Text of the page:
The four films – provisional total – also manage to unite a large audience thanks to a humor accessible to all, from 7 to 107 years old. It is both a quality and a flaw. In The Tuche and its sequels, three well-worn comic mechanisms are used over and over again.
You can make your characters say anything, like a less dazzling rehash of the Kamoulox dear to Kad and Olivier. We can practice the comedy of repetition – even if, on this point, The Tuche 4 makes his self-criticism at the mercy of a drawless streak that is quite funny. Or we can string together rotten word games – the character played by Michel Blanc called Marteau, the authors go wild. And that is enough to make a film of about a hundred minutes.
The problem is that all of these humorous springs draw their source from the very nature of the members of the Tuche family: apart from Donald alias Coin-coin, the gifted younger son, the clan is distinguished by his very small number of neurons. What to wonder if The Tuche would not constitute a peak of class contempt. A difficult question to decide as the saga seems to go in all directions, capable of shamelessly mocking the lack of thoughtfulness of its characters, but also of sincerely criticizing the classism shown by the privileged protagonists who cross the path of the family Tuche.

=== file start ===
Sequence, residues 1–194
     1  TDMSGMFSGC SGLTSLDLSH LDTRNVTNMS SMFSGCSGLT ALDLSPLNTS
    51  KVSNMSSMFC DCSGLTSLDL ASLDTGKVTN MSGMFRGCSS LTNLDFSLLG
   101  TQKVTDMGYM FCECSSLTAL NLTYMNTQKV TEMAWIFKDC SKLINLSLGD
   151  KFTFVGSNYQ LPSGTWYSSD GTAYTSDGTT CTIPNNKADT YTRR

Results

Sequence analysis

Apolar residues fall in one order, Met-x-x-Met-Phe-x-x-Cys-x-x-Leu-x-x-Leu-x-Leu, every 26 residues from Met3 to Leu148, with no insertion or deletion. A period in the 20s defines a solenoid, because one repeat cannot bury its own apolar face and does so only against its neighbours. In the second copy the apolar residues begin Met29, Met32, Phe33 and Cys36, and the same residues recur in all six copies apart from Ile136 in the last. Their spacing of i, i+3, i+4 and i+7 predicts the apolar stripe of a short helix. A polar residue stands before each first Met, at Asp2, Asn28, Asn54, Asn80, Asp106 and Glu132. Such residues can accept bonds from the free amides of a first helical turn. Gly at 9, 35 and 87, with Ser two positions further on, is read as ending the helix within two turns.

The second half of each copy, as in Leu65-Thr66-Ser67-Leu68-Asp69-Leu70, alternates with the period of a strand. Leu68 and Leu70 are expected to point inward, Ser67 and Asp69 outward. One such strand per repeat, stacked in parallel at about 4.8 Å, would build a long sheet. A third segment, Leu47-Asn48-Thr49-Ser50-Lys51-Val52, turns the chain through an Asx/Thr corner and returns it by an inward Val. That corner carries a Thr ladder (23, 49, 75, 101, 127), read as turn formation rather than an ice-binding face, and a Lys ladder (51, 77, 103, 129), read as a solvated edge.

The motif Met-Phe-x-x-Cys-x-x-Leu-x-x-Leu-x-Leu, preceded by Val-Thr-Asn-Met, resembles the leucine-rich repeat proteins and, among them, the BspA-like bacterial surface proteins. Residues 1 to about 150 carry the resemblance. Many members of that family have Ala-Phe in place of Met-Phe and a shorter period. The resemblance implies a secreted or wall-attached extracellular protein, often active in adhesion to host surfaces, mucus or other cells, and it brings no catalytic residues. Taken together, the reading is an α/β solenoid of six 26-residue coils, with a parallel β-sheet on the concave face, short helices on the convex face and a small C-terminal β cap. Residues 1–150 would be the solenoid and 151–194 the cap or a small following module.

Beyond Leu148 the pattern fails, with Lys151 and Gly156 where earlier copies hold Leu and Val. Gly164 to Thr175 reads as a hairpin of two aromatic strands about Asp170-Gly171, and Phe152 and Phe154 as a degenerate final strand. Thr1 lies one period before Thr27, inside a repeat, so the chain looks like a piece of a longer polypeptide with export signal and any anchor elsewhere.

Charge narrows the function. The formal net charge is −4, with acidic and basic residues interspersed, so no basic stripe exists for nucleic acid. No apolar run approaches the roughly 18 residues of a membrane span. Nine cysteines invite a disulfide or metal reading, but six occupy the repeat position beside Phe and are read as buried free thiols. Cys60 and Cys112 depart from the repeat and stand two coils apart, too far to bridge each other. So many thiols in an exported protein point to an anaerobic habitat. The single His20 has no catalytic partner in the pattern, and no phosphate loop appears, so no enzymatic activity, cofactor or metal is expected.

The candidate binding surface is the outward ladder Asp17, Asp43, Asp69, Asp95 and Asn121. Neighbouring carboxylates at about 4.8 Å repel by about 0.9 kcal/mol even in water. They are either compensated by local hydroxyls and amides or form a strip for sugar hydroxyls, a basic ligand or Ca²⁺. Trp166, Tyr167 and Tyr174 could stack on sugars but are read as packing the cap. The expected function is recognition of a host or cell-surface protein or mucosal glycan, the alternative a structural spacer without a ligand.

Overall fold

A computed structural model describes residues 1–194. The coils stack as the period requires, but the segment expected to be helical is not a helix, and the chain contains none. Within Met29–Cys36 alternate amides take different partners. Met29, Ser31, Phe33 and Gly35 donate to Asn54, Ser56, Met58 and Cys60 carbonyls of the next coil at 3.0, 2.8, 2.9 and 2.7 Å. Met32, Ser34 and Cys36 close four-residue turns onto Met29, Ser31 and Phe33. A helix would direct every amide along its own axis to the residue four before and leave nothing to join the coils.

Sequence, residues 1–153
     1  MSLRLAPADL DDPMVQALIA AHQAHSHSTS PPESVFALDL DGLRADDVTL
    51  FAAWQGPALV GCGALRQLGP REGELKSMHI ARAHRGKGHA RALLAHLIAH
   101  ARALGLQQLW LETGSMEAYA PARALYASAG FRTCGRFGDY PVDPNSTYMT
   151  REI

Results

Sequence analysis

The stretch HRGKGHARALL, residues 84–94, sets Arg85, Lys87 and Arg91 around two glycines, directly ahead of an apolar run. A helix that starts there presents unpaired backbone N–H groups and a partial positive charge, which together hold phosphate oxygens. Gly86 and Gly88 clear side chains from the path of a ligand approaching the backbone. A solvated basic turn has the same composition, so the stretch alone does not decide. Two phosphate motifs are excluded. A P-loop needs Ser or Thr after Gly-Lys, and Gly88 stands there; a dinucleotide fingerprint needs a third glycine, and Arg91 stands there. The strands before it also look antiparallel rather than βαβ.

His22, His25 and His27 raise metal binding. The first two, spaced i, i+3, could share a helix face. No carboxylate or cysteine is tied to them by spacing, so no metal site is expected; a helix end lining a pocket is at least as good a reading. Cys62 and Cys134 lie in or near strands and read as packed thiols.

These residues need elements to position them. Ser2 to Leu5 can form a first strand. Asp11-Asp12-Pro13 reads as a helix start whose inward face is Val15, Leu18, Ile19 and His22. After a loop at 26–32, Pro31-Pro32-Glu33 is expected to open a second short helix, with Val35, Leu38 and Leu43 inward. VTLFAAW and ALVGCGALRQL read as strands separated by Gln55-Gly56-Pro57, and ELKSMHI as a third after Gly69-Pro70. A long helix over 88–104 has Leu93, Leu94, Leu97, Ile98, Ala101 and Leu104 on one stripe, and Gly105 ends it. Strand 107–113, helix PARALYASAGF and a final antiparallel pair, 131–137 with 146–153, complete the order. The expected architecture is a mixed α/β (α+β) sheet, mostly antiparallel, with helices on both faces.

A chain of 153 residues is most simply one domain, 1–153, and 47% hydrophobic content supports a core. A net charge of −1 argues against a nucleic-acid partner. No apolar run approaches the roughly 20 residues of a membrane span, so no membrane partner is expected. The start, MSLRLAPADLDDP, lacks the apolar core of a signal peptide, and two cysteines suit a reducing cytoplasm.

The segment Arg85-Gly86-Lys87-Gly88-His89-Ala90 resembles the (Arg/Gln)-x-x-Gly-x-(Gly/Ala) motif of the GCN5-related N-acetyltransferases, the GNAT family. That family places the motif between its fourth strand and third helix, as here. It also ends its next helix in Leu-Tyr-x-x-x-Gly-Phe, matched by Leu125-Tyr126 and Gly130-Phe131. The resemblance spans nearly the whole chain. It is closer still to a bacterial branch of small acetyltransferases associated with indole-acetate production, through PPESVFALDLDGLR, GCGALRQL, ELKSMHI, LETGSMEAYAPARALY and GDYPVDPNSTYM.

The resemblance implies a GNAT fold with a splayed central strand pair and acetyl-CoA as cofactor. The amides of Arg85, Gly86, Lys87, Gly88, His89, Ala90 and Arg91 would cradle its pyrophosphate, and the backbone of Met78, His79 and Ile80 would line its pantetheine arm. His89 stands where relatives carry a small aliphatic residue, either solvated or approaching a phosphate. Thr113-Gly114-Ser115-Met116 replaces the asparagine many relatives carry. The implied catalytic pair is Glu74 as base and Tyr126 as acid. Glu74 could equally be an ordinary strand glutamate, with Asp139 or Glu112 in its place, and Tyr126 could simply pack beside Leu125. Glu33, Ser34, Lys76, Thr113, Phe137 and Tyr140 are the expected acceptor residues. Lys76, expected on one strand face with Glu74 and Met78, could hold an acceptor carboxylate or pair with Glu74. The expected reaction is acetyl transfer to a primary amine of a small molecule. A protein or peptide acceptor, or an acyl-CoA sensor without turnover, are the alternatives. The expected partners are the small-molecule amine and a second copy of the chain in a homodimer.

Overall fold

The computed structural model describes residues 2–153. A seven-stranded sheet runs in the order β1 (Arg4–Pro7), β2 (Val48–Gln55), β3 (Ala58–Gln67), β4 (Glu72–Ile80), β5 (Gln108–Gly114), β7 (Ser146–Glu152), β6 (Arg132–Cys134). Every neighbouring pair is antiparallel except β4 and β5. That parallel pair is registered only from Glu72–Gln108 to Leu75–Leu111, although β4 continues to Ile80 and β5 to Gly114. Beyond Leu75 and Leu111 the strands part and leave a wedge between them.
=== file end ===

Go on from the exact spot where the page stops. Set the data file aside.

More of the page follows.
It seems that, from episode to episode, we can see a form of progress. If it seems complicated to eradicate the eternal floodgates on the poor (the Tuche only eat potatoes in all their forms, beer and Suze flow freely from morning to night …), a certain political conscience gradually gained the Tuchian universe.
In the first part, for example, we could hear Jeff Tuche (Jean-Paul Rouve) affirming without being contradicted that a boy who refuses to play football risks “To become a little queer”. Yes, but at the end of Shower 2, he ended up leading his son Wilfried to the altar so that he could marry another man, after initially welcoming his coming out with hostility. Thereafter, no more homophobic remarks, but a total acceptance of the homosexuality of the young man, which ends up no longer even being a subject.
Before the “yellow vests”